Juvenile African penguins stuck in ecological trap

Juvenile African penguins stuck in ecological trap

Research indicates that juvenile African penguins continuously forage in areas of low food availability due to climate change and overfishing. The research conducted by an international group of scientists over the span of three years, highlights alarming results for the already endangered African penguin species, the only penguin endemic to the African continent.

Conducted between 2011 and 2013 by Dr Richard Sherley from the University of Exeter and a team of scientists from South Africa, Namibia and the United Kingdom, the study looked at the initial journey of 54 African penguin fledglings, including 14 rescued chicks that were hand-reared at SANCCOB. Penguins were tracked for the first few weeks of their lives out at sea using satellite transmitters.

The study revealed that the juvenile penguins used three main areas for finding food: Swakopmund in central Namibia, an area north of St Helena Bay along the West Coast of South Africa, and a third area around Cape Agulhas on South Africa’s south coast. Only birds from the Eastern Cape foraged east of Cape Agulhas whilst birds from the West Coast foraged north of Cape Town and into Namibian waters.

All three areas were historically rich in fish availability, including sardine and pilchards. Dr Katrin Ludynia, Research Manager at SANCCOB and co-author of the study explains, “Young penguins mistakenly select poor quality habitat because once useful cues (cold water and high primary production) remain intact in the face of underlying environmental change. One would expect to find abundant fish stocks in these areas but due to the combination of climate change and high fishing pressure over the past decade, fish is scarce along the West Coast.” This explains the low chances of juvenile penguins surviving their first year at sea, observed previously in other studies.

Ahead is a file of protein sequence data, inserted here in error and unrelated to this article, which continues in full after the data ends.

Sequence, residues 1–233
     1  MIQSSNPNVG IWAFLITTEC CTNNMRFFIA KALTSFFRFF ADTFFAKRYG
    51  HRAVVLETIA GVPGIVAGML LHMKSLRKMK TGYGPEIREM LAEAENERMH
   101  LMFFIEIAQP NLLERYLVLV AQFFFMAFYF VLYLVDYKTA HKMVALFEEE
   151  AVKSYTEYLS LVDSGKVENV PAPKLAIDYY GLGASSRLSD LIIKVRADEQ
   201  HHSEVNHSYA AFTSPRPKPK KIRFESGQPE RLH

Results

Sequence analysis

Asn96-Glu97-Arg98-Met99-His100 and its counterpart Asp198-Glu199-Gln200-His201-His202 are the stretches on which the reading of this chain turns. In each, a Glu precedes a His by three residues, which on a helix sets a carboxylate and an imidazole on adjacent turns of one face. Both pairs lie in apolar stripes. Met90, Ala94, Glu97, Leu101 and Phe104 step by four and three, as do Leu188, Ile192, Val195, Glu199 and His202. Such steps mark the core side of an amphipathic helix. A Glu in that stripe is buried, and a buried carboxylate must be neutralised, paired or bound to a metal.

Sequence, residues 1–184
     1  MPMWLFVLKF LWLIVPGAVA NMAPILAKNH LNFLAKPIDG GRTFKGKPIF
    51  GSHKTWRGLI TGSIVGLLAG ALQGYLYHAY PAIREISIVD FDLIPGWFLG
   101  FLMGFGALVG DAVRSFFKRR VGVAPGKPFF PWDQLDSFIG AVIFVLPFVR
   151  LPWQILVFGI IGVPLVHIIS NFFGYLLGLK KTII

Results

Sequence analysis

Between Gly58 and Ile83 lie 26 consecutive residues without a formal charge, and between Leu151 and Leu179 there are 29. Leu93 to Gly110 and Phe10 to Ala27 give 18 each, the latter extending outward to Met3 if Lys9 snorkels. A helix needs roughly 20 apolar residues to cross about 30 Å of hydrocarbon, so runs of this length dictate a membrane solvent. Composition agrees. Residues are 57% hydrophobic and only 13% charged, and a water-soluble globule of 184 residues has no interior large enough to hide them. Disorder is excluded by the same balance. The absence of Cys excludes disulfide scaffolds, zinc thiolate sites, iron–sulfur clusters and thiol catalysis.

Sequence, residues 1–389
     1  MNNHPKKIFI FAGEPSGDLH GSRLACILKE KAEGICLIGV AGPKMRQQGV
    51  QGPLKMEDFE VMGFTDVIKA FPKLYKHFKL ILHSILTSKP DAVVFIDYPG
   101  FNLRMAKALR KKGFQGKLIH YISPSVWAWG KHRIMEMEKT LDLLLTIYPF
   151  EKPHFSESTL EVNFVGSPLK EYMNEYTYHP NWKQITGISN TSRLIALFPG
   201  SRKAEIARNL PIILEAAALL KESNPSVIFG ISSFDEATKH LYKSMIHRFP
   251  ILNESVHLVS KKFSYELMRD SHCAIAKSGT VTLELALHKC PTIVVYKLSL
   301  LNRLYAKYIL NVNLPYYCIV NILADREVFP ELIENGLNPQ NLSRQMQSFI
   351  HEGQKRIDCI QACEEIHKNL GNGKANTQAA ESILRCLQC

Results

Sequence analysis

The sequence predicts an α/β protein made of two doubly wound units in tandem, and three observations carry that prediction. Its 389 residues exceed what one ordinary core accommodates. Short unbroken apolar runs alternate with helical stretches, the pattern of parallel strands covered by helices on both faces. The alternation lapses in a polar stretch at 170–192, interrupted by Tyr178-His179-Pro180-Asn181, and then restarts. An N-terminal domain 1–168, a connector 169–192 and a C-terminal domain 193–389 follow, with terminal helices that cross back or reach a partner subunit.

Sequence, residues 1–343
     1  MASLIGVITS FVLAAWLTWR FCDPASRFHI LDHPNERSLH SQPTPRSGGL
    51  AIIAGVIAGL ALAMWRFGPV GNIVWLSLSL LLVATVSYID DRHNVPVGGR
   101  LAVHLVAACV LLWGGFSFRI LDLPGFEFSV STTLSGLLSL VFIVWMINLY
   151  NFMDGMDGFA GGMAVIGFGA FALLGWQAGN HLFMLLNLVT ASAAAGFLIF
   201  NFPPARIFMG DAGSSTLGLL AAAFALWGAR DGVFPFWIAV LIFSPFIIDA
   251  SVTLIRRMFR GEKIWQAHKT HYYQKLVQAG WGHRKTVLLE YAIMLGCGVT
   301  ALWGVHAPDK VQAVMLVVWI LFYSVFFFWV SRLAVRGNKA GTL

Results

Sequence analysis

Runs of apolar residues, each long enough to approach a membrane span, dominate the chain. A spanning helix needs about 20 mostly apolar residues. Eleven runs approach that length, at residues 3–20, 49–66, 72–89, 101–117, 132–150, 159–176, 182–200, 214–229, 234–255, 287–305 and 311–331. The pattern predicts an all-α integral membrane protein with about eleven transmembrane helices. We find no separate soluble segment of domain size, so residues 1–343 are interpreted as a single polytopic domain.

Owing to the rapid decline in population numbers, the African penguin was reclassified as endangered in 2010 and today, it is estimated that less than 2% of its historic population remain in the wild (less than 23 000 breeding pairs). Modelling exercises, presented in the current study, showed that with sufficient food in these areas, the African penguin population on the West Coast of South Africa would be twice the size it is now.

The study highlights that various conservation measures need to be implemented at different levels in order to save the endangered African penguin species. Apart from protecting critical breeding colonies and hand-rearing abandoned African penguin chicks, fish stocks have to be better protected in order for these birds to actually survive their first years at sea.